WASHINGTON — Vaccine industry officials helped shape legislation behind the scenes that Senate Majority Leader Bill Frist secretly amended into a bill to shield them from lawsuits, according to e-mails obtained by a public advocacy group.
E-mails and documents written by a trade group for the vaccine-makers show the organization met privately with Frist's staff and the White House about measures that would give the industry protection from lawsuits filed by people hurt by the vaccines.
The communications were made public in a report released this week by the group Public Citizen. Its study follows a February story in The Tennessean that Frist, along with House Speaker Dennis Hastert, R-Ill., ordered the vaccine liability language inserted in a defense spending bill in December without debate and in violation of usual Senate practice.
The group, called the Biotechnology Industry Organization, wanted such language in the bill, the e-mails reflect.
"At Senator Frist's staff's request, this morning, BIO (Tom and I) participated in a meeting with three other industry representatives (Sanofi and an outside counsel who works for both Pfizer and Roche, I believe), administration staff (HHS, DoJ and WH Leg Affairs), and Liz Hall to further discuss liability," BIO official Dave Boyer wrote in a November e-mail obtained by Public Citizen.
In a written statement, Frist spokeswoman Amy Call stated that the senator had promised publicly to include the vaccine liability protection in the defense spending bill. She did not address the issue of the influence of industry lobbyists.
The statement points out that the Public Citizen board includes prominent trial lawyers and liberals. "Trial lawyers oppose these provisions because it will strip them of the ability to line their pockets at the expense of the American public," Call said.
Frist and the White House reached out to the industry, according to the communications cited by Public Citizen, and Boyer, chief lobbyist for the industry group, was asked to provide an analysis of draft legislation.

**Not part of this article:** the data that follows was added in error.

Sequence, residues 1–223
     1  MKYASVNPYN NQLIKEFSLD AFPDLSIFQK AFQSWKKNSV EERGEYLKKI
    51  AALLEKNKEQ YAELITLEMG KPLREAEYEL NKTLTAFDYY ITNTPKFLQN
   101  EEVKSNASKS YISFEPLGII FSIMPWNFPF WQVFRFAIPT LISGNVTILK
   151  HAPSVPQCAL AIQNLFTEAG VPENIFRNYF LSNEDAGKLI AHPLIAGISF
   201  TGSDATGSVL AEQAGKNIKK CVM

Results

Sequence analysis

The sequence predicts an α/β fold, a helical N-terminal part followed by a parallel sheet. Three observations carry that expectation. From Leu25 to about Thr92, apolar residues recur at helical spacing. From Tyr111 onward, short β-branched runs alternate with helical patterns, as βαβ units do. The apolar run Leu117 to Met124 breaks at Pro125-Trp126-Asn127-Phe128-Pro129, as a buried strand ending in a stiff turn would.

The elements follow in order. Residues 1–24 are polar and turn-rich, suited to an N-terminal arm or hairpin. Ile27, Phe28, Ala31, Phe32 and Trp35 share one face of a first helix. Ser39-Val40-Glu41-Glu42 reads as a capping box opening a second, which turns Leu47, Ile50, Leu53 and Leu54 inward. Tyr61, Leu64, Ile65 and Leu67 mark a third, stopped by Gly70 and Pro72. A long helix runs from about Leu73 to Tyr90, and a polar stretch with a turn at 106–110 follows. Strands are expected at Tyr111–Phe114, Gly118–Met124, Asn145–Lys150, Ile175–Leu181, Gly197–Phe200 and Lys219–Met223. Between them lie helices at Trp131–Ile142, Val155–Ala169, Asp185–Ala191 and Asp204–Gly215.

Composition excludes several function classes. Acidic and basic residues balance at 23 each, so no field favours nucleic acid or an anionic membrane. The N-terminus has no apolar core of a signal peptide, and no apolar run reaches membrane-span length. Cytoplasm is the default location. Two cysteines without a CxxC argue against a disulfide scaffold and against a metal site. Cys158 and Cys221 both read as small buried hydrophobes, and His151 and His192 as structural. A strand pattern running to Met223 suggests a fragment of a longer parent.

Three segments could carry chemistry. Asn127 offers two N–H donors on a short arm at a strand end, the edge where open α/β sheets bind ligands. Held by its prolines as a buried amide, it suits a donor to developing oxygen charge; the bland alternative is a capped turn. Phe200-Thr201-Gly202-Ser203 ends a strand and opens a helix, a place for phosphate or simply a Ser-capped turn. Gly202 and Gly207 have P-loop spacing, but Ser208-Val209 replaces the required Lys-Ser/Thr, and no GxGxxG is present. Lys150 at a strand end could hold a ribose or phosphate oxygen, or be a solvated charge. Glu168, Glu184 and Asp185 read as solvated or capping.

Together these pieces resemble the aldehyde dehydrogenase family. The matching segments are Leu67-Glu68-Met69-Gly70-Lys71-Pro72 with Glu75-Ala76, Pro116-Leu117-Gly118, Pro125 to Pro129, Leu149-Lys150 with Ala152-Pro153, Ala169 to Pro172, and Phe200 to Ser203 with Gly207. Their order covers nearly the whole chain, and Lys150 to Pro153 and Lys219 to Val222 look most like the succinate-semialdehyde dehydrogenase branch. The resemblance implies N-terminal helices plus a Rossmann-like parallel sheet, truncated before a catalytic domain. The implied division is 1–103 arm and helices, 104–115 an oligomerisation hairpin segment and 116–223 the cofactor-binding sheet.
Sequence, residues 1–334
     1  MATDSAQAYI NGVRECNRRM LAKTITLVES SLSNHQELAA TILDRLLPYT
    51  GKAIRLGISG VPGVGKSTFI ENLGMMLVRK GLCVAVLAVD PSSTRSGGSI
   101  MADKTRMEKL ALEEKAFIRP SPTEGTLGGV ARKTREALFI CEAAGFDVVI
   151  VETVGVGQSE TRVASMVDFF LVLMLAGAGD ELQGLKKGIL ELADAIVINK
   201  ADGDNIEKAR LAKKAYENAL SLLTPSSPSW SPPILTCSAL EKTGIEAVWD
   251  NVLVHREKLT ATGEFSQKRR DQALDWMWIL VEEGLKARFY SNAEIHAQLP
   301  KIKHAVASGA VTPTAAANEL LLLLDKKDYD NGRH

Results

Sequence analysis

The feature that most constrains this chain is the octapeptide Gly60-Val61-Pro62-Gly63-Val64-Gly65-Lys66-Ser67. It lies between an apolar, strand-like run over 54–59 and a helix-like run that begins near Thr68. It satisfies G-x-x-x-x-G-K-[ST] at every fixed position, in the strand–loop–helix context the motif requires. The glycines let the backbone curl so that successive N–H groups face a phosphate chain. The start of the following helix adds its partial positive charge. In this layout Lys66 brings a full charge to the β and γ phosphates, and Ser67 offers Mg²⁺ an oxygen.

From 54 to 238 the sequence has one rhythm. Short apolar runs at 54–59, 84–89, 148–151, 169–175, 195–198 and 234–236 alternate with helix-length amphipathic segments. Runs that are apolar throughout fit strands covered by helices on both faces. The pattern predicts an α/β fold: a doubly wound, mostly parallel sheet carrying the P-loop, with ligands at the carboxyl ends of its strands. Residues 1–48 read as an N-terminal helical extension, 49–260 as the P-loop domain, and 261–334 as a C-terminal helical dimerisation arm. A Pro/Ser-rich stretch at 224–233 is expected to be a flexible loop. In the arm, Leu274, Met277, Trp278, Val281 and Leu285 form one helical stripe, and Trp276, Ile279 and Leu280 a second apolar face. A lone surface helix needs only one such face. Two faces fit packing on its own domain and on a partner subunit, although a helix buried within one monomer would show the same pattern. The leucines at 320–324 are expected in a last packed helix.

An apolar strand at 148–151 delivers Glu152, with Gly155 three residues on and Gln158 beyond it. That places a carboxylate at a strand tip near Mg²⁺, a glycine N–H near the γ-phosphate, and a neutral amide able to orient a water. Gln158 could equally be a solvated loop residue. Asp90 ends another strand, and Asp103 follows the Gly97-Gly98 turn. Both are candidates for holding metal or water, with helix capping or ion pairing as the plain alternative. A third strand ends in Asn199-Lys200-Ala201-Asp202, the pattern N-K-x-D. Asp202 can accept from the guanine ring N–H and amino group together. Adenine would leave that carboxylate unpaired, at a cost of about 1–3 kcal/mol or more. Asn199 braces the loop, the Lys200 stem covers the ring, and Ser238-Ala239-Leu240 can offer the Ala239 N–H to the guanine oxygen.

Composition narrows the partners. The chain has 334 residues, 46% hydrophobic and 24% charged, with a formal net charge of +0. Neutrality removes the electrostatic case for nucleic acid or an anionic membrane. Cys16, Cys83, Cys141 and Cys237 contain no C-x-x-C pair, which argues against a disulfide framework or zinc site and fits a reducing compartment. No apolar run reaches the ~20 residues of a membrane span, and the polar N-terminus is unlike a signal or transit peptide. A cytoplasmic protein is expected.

The group asked that the legislation make clear that a vaccine maker could only be successfully sued if "willful misconduct" on its part were proved. The law includes that standard and says a company is protected from claims of negligence or recklessness.
The analysis, which Public Citizen quoted from, included BIO's concerns that the draft bill would have still allowed people hurt by vaccines to get jury trials.
"The lack of any restriction on jury trial is problematic," the analysis said. "Where injured parties have no other avenue for relief, juries are likely to find ways to award damages."
In another e-mail, Boyer described a meeting in which a deputy of Bush strategist Karl Rove said it was "important to the President that a bill move this year," and said "they had invited industry to discuss what they understood to be a few key remaining points" of contention.
"The intimacy of this, we think, is quite unusual," said Joan Claybrook, president of Public Citizen, about the relationship between the organization's lobbyists, Frist and the Bush administration. "We think it is an interesting case study of how the inside operation works in Washington."
In a January interview with The Tennessean, Frist denied the vaccine liability provisions were added improperly. Later, when others challenged his version of events, Call simply restated Frist's commitment to protecting people from a bioterror emergency.
Frist and other backers say the law is needed to boost the number of vaccine makers. Vaccine shortages during last year's flu season along with fears of a pandemic of bird flu or a bioterror attack have prompted interest in building up the country's lagging vaccine industry. The legal protections kick in only when the secretary of health and human services declares a public health emergency.
Alan Eisenberg, executive vice president for the Biotechnology Industry Organization, said the group's "staff acted with the utmost integrity and professionalism, as they do on all issues."
"BIO staff regularly comment on proposed legislation from, and meet with, Democrat and Republican lawmakers and their staffs alike all the time," Eisenberg said.